• Infection after an epidural procedure such as an epidural infection, discitis and osteomyelitis.
  • Negative reactions to medication, such as hot flashes and rash.
  • Bleeding occurs when a blood vessel is inadvertently damaged during injection. This can cause a hemorhage or blood clot.
  • There was nerve damage at the injection site.
  • Temporarily lose control of your bladder, bowels and bladder. A catheter, a small tube that fits inside your bladder, may be necessary to assist you in peeing.
  • Too many ESI injections, or taking higher doses of steroid medication, can cause damage to your spine and nearby muscles. This is why most healthcare providers limit patients to only two to three ESIs per calendar year.

Is there a long-term risk of side effects from lumbar epidural injections?

Even though it’s rare, long-term complications can result from lumbar epidural injections of steroid steroids.

  • Permanent neurologic deficit as a result of spinal cord or nerve root injury from epidural inject.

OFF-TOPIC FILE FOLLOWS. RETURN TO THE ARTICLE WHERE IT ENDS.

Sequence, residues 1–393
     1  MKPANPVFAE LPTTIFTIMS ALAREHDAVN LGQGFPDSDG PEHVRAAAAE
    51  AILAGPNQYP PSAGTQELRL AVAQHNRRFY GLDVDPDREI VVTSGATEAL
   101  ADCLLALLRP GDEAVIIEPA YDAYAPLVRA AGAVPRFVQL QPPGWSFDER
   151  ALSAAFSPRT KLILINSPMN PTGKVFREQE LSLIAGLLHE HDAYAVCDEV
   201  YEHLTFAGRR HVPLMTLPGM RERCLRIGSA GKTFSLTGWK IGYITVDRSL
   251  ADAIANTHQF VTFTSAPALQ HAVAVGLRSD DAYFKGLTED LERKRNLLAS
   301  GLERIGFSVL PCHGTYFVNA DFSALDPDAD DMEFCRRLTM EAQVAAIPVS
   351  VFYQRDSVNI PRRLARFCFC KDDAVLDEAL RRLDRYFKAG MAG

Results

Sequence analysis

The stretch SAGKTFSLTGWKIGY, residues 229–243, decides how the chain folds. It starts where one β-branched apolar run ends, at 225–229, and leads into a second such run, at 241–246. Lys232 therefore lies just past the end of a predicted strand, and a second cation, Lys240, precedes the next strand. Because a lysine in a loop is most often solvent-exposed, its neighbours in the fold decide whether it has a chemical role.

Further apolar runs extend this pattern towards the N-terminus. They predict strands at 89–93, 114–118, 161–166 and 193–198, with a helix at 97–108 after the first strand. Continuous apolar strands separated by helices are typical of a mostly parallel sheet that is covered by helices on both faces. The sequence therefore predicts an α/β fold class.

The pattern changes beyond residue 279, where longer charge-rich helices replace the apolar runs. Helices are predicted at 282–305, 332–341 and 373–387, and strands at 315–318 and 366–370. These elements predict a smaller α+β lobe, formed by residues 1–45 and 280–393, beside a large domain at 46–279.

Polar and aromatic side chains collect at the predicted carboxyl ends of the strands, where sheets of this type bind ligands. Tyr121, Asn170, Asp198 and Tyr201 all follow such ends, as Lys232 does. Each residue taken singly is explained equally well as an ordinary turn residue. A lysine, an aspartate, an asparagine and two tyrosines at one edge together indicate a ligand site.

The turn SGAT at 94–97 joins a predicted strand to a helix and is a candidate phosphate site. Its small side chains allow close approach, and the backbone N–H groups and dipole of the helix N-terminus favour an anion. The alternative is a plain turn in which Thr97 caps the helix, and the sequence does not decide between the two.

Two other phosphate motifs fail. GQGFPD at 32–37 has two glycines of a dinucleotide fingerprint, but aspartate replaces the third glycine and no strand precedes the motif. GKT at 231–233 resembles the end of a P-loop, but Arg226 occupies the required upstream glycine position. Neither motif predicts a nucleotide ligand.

• Chronic pain from epidural injections to the spinal cord and nerve roots.
  • Permanent paralysis caused by a hemostasis, which occurs when blood builds up between the dura mater and your spinal chord.

What is the outlook for lumbar epidural injection therapy?

People often experience temporary pain relief with lumbar epidural injections. Some even experience lasting relief for up to 12 months. Some people experience no pain relief from ESIs. Lumbar epidural injections of steroid steroids are designed to provide temporary pain relief. You can either start or continue physical therapy, or you can avoid more severe pain relief. Long-term pain relief may be possible through physical therapy, which strengthens the muscles supporting your spine. If a lumbar ESI results in pain relief and works well, your healthcare provider may recommend a second injection. The majority of providers limit you to two to three ESIs a year.